Windows Updates to Windows Servicing

When Windows 10 was released, one of the biggest things that worried IT System Admins was the pretty major change to the way Windows Updates were deployed. Traditionally, Microsoft released an assortment of security fixes and minor non-security fixes every month. Then once or twice a year they may have released service packs as fix rollups and feature improvements. This approach allowed IT System Admins to push security patches out whenever they got round to it or let computers update themselves. Then every X amount of years (or never) they thought about planning to upgrade their IT estate which would be a massive project.

With Windows 10, this all changed and this year, it changed for earlier operating systems too.

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Windows Updates to Windows Servicing

Disabling Keyboard Keys with Scan Code Maps

Last week, I was working on a project to roll out a number of MS Surfaces as kiosk devices. As part of the configuration, I was required to somehow stop users exiting the kiosk software by pressing Alt-F4 or Esc. After some research (googling), I decided the best way to achieve this was using “scancode maps”.

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Disabling Keyboard Keys with Scan Code Maps

Using PowerShell to get folder sizes

At work, I had to gauge how much impact turning off folder redirection would have for a customer. To do this you need to figure out how much data users have in their redirected folders, because the process will copy everything down to their local folder.

The structure of the folders was, “Username\Documents” with “Documents” being the redirected folder. So initially, I looped through each of the Username folders and grabbed the Length property of each. However, what I found was that a lot of them didn’t have a Length property for whatever reason.

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Using PowerShell to get folder sizes

ConfigMgr Preflight with XAML and PowerShell Part 2

Its been a little while since I’ve had chance to sit down and think up a post. The end of September was the deadline for a big project I’ve been working on, so I was pretty busy trying to make sure things were done. Things have slightly settled down now, so I’ve had more time to play with personal projects and improve my ConfigMgr app.

A separate idea I had for PowerShell and ConfigMgr, was to create some kind of portal for 1st line technicians to add machines for Operating System builds. The idea being they wouldnt have to go into the console to import computer information. My initial thoughts were to use a html frontend, which I would host on a tiny web server and then have PowerShell do my script work. After digging into this I figured it would require a proper web app to do something like that, using server code.

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ConfigMgr Preflight with XAML and PowerShell Part 2

ConfigMgr Preflight with XAML and PowerShell

There are so many of these out and about, but I love making things myself, so I’ve written a preflight tool to run a number of checks before a ConfigMgr build can progress.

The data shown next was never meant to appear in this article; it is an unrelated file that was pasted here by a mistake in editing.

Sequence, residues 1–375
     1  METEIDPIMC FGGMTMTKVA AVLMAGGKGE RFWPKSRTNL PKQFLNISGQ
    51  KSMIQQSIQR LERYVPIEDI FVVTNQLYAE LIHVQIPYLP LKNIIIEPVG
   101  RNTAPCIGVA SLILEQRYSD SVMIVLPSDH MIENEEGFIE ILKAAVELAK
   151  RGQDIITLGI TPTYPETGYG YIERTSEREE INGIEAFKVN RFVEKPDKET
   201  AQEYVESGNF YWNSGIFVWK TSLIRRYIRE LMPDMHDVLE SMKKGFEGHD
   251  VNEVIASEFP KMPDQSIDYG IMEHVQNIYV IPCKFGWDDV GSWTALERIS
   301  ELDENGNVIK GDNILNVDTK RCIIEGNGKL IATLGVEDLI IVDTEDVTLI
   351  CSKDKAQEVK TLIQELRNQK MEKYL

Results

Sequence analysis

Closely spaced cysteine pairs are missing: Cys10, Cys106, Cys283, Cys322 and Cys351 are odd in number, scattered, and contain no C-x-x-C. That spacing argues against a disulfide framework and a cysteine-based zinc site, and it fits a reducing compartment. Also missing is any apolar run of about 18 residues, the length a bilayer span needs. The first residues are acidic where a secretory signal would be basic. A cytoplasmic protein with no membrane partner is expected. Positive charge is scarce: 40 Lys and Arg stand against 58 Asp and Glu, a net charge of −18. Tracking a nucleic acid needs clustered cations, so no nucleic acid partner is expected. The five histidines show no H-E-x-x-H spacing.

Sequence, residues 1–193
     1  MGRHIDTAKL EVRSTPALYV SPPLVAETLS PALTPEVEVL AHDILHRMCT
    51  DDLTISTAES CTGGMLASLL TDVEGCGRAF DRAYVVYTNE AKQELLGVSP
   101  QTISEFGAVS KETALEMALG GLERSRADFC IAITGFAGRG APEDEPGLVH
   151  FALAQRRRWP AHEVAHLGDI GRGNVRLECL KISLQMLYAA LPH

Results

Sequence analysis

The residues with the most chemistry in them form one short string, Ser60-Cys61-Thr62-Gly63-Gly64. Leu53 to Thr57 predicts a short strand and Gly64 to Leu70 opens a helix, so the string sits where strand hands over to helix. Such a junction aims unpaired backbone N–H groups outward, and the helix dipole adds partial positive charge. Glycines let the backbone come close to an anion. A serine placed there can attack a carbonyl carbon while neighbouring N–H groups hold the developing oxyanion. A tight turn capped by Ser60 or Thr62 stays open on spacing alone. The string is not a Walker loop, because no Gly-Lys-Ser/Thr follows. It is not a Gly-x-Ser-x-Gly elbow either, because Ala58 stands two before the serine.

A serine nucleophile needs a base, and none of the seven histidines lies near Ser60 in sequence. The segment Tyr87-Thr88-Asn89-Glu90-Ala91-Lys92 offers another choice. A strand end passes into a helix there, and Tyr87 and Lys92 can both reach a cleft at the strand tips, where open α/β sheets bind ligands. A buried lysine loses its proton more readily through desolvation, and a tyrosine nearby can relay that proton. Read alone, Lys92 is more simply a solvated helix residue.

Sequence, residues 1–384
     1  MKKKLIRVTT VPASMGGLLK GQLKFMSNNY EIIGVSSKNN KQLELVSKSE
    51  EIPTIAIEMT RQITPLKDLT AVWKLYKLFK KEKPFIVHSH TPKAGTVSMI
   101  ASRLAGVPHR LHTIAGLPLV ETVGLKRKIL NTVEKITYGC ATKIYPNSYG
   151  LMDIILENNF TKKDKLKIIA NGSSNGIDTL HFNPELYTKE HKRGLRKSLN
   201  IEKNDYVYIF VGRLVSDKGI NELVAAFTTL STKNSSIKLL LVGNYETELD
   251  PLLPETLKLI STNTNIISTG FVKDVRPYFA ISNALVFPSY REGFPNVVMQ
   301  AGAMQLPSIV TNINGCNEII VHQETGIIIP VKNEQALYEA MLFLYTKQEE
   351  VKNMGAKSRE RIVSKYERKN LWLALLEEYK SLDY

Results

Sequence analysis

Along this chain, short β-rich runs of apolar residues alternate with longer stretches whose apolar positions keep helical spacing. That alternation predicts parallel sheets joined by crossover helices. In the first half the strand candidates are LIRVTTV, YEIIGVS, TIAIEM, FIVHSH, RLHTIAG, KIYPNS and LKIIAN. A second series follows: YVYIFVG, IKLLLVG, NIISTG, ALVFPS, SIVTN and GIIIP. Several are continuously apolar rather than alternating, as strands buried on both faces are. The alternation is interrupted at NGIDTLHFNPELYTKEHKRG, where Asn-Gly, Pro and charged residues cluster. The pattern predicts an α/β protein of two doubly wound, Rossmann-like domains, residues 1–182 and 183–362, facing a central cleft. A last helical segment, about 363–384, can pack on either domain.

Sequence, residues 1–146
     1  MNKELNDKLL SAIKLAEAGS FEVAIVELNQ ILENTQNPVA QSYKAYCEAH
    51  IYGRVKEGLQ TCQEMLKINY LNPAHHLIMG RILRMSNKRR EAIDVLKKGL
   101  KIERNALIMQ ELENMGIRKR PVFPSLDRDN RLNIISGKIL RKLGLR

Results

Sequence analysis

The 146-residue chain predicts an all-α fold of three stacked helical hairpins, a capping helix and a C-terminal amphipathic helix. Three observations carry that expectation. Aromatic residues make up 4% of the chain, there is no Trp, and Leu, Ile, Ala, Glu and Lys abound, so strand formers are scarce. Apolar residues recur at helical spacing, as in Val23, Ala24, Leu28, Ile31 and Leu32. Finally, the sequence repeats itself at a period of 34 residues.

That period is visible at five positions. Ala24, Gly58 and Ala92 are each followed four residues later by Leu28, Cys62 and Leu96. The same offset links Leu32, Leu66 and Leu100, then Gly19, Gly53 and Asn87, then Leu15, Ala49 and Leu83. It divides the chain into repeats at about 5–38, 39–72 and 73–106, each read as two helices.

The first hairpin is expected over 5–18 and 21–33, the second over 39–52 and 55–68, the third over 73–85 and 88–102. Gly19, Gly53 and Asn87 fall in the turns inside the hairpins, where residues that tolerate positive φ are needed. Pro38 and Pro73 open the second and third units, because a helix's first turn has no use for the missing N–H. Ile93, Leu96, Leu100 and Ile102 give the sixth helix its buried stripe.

Most of the tools I’ve seen that provide this functionality, use a HTA or winforms. I didn’t want to use either of these because I felt they were old technologies. So I decided to figure out if it was possible to generate a XAML UI using PowerShell as a “backend”. As PowerShell is based on .Net, it was pretty easy 🙂

If you just want to take a look at the script, its here on GitHub. Although I’m happy with how it is currently, I’m still adding functionality. For now I’ll try and walk through how it currently works.

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ConfigMgr Preflight with XAML and PowerShell

WinPE Initialization failed with error code 0x80220014

I came across this issue during a deployment for a customer:

Windows PE initialization failed with error code 0x80220014.

The fix is well documented here.

Essentially, the PE wims included in ADK 10 1511 require a fixed schema.dat file. So you have to mount the wims in DISM and replace the existing schema.dat files with the ones provided in the hotfix download.

Or you could update to ADK 10 1607.

WinPE Initialization failed with error code 0x80220014

Offline Image Servicing – Windows 10 Image shows Windows 8 updates

I’ve had a bit of time recently to work on my  ConfigMgr lab environment and one of the tasks I had on my list was to look into offline image servicing. This functionality allows you to inject updates into your reference image on a scheduled basis, straight from the console.

However, when I tried to schedule servicing for my Windows 10 1511 images, it only showed me Windows 8 updates. After a lot of digging I discovered that in my image properties it was displaying my image version number as 6.2.10240.16384. You can see this by selecting your image and in the bottom pane, viewing your OS Version:

2016-09-07-18_06_54-uknuk1s219-thames-general-navigator-127-0-0-1_9100-remote-desktop-connection

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Offline Image Servicing – Windows 10 Image shows Windows 8 updates

Windows 10 Dark Theme

I’m one of those techies who likes to customise every application I use with pretty icons and colours. And like alot of my peers, I love dark themes. So I thought I would share how you can do this for you your Windows 10 apps

In build 1607 or “Anniversary Update”, its really simple, you can enable it in Settings > Personalization > Colors and you can chose either a Light or Dark “App Mode”.

Pre 1607, there are two registry entries you can make to add the same dark mode:

Key: HKLM\SOFTWARE\Microsoft\Windows\CurrentVersion\Themes\Personalize
ValueType: DWORD(32Bit)
ValueName: AppsUseLightTheme
ValueData: 0

Add the same DWORD under HKCU, then logout and back in and you’ve got Windows Dark theme.

Windows 10 Dark Theme